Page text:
In the enclosed audio interview and print supplement, Dr Baum reviews these historic data. As with all of our programs, the transcripts of Dr Baum’s interview, relevant journal articles, and protocol web links are found at Briefly, “the headline news” includes a significant improvement in efficacy and tolerability for anastrozole compared to both tamoxifen and the combination of tamoxifen and anastrozole. In this early analysis, perhaps the most surprising finding is 58% fewer second breast cancers in women treated with anastrozole compared to those receiving tamoxifen. The ATAC results have generated considerable discussion about the rationale for new trials using anastrozole in highrisk women and DCIS.

Just last year, an NIH Consensus Conference advocated the use of adjuvant tamoxifen in all patients with estrogen receptor-positive cancers, regardless of age, menopausal status, or recurrence risk. During the interview, Dr Baum described with amusement a lecture he had just attended by Dr Craig Jordan (another regular Breast Cancer Update guest) who began his presentation by saying, “Tamoxifen, the gold standard of endocrine therapy... until yesterday!” The enclosed program contains two other interviews documenting the rapid evolution of breast cancer clinical research, particularly that of targeted systemic therapy. Dr Mark Pegram takes us to the cutting edge of HER2 biology and reviews how the UCLA group — headed by Dr Dennis Slamon — is utilizing trastuzumab in clinical research and practice.

In particular, Dr Pegram enthusiastically endorses routine use of the FISH assay to determine HER2 status. He refers to a San Antonio presentation, by Dr Robert Mass, that conclusively demonstrates the superiority of the FISH assay relative to the IHC assay in identifying women likely to benefit from trastuzumab.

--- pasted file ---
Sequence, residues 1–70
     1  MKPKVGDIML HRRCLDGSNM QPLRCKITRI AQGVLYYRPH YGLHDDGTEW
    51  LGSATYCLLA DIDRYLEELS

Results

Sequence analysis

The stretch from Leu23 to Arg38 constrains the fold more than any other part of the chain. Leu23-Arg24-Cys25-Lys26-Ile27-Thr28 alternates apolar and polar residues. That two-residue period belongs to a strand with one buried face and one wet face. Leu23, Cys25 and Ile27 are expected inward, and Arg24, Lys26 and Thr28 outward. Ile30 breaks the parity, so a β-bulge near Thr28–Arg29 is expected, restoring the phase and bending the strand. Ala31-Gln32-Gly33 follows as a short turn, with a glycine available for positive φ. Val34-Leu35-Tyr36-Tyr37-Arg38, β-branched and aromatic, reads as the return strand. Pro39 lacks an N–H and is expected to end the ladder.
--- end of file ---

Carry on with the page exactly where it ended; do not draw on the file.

Finally, Dr Robert Livingston describes the design of an important new adjuvant Intergroup trial based in part upon Dr Joyce O’Shaughnessy’s presentation at last year’s San Antonio meeting, reporting a response rate and survival advantage for capecitabine/docetaxel compared to docetaxel alone in metastatic breast cancer. The proposed Intergroup adjuvant trial is just one of several new trials designed to evaluate the capecitabine/docetaxel combination in the adjuvant and neoadjuvant setting. The rapid incorporation of clinical trial results into the design of future studies is another example of the flexibility and efficiency we have come to expect of the breast cancer research infrastructure.

Often an outsider’s perspective enhances our appreciation for what we have obtained. As my prostate cancer colleagues gazed with envy at the progressively massive number of patients in the Early Breast Cancer Trialists’ Collaborative Group, I realized that thousands of breast cancer patients and researchers have set a lofty clinical research standard for oncology and medicine. This collaboration has now resulted in a 25% reduction in breast cancer mortality in the last decade, and hopefully, new steps forward — like ATAC — will further reduce the death rate in the future.

—Neil Love, MD